45. Conversations about competing business strategies, which take up a great deal of The Current War, would seem to be a recipe for a dull movie. But the fervor and intelligence Cumberbatch and Shannon bring to their roles make for a gripping experience.
  46. Black and Blue is big and broad. There is no stone unturned, no symbol unexploited, and the emotional tenor is at 11. It’s melodrama for sure, and there’s absolutely no chance of interpreting Taylor’s film differently than the way he intended, for better or for worse.
  47. You’ll watch knowing you’re in the hands of a master filmmaker; only wondering when it’s over how certain effects were achieved.
  48. The fun of this movie — aside from the glorious and very velvet-forward costumes, by Ellen Mirojnick — is the performances of the two Hollywood pros at its center, both perfectly cast.
  49. The gore quotient is high in this one (lots and lots of exploding heads) and the one-liners flow freely. Bloody good fun, but not for the whole family. That R rating is well-earned.
  50. The Addams Family suffers from an acute case of the cutes.
  51. While Portman’s performance is skilled, she doesn’t have enough to work with — the character, as written, just isn’t there.
  52. Gemini Man is full of the expected action and bullets, none of which is especially thrilling, but you leave thinking about those two faces — and about how movie magic keeps finding new tricks.
  53. While Phoenix is always more than watchable (his scary-Fred-Astaire dance moves, born from Arthur’s habit of watching old movies with his mother, are both mesmerizing and disturbing), “Joker” really has nowhere to go. Its characters are one-note cartoony, but fun is the last thing on this movie’s mind; it’s all despair, from its opening scenes on downward.
  54. What’s most appealing about Zellweger’s portrayal is the brightness that peeps out from the clouds: her deep love for her children, her sly wit.
  55. The story is strong, the music is appealing. Abominable is delightful.
  56. This isn’t really a movie, but a delicious wallow, and regular movie rules don’t apply.
  57. An odd combination of space adventure, psychological thriller and moody tone poem, it stops just short of dazzlement; instead Ad Astra, like an astronaut lost in space, slowly and majestically floats away.
  58. Not all of Hustlers is beautiful, to be sure, but it’s always a kick.
  59. It’s a good story, well told, though you have to forgive Hood for indulging in a little journalistic cliché.
  60. The Goldfinch feels like a series of often-elegant moments, in service to a story that never quite comes into focus.
  61. Rather than using the extended running time to dig deep into these characters, director Andy Muschietti, who also directed the original, piles on the frights in a manner that builds to an ending drenched in hysteria.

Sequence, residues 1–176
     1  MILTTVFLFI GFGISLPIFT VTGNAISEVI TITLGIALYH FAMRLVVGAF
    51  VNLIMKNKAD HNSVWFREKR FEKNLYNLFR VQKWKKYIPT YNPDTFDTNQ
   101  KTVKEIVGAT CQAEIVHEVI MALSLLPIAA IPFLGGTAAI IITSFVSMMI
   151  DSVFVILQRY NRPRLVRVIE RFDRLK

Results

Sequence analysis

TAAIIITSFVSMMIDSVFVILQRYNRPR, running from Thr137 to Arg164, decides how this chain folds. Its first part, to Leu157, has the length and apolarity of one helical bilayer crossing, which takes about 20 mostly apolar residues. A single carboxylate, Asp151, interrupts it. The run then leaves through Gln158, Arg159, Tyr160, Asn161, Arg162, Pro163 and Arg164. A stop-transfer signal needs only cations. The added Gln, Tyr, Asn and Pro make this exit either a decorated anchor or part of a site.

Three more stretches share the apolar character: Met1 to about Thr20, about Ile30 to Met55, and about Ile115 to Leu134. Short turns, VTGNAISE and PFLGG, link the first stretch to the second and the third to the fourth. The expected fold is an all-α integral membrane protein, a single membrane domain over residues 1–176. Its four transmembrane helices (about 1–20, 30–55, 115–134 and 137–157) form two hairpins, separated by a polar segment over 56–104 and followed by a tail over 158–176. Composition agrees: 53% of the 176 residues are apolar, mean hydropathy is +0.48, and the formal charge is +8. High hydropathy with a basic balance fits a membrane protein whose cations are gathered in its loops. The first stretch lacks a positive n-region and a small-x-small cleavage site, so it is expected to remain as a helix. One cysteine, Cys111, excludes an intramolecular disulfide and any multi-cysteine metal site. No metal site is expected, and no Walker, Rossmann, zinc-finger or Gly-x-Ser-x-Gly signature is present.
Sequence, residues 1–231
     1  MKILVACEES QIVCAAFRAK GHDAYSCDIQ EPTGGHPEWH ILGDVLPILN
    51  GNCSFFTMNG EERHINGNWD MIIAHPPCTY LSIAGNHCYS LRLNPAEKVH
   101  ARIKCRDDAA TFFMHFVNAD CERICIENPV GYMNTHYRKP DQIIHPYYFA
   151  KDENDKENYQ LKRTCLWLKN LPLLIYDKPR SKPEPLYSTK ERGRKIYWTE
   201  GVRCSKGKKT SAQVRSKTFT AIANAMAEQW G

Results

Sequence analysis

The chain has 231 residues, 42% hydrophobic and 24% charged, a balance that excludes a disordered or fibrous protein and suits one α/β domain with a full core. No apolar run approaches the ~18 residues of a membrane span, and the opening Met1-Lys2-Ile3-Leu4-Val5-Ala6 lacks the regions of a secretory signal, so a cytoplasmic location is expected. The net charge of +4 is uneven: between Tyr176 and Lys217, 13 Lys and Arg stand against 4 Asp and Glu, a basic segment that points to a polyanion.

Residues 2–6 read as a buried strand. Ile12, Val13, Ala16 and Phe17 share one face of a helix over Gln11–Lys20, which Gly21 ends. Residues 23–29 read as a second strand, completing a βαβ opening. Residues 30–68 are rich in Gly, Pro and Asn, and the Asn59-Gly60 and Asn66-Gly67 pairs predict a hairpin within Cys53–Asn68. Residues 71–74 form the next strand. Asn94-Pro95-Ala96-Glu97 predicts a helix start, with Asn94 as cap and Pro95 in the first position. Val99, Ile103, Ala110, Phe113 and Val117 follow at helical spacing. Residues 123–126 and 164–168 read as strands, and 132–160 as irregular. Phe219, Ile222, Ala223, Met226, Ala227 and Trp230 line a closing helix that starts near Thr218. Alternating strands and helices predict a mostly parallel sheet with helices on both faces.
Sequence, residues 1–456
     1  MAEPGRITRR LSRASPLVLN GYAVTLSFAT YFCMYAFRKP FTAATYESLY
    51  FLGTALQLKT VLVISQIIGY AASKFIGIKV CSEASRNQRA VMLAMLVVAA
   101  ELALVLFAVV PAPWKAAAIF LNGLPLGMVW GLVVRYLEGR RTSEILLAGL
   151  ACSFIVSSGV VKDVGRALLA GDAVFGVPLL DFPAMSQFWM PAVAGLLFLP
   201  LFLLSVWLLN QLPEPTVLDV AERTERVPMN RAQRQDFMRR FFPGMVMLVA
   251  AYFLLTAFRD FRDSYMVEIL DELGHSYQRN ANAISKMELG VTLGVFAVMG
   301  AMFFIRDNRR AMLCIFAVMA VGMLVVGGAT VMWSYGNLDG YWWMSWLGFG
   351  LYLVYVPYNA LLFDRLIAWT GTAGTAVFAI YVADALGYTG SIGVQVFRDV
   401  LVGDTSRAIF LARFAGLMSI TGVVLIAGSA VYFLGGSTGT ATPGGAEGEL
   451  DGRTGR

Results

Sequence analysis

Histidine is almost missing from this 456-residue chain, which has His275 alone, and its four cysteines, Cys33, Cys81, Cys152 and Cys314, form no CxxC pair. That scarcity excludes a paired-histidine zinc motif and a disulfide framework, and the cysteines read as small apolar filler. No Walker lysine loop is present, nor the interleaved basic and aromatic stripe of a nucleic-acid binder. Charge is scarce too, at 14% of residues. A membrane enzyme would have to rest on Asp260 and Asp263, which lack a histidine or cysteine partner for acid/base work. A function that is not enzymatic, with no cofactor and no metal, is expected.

62. The film’s better than you’d expect from a late-summer offering, mostly due to a strong cast led by the great Oyelowo.
  63. Angel Has Fallen plays out exactly as you would expect from a potboiler of this type. No surprises here, other than that it exists at all. It’s the kind of movie one expects to be released at the shank end of summer. Time to turn the page to fall.
  64. Is After the Wedding a great movie? No, not especially. Are these two women treasures of cinema? Absolutely.
    • 71 Metascore
    • 75 Critic Score
    Other than a few blips, Blinded by the Light is a production that is as strong as any Springsteen anthem and as inspiring as any lyrics by the Boss.
  65. Like Bernadette, the movie’s lost; you’ll need to read the book to truly find her.
  66. Very, very late in ECCO’s two-plus hour running time, answers come. It’s a long wait for clarity. From the viewer, much patience is required.
  67. If “golden retriever voiced by Kevin Costner” rings any alarm bells for you, steer clear.
  68. All of this silliness is actually great fun, particularly the bantering chemistry between Johnson and Statham, who spend much of the movie squabbling and calling each other names.
  69. The pacing of the picture is problematical. It’s curiously inert in the early going, with a lot of time spent in cars with the characters as they drive around and around on freeways, side streets and boulevards in Hollywood.
  70. "The Farewell" is so unexpectedly and deliciously funny that watching it feels like a tonic — an immersion in love and art.
  71. A taut, gripping documentary about one young woman’s dream ... Maiden is wonderfully suspenseful — especially if you, like me, have no idea how the race turned out.
  72. The new version amplifies and deepens all that is good in the original. The key is in the visuals. Photorealistic computer-generated imagery renders its African landscapes and animals with astonishing realism.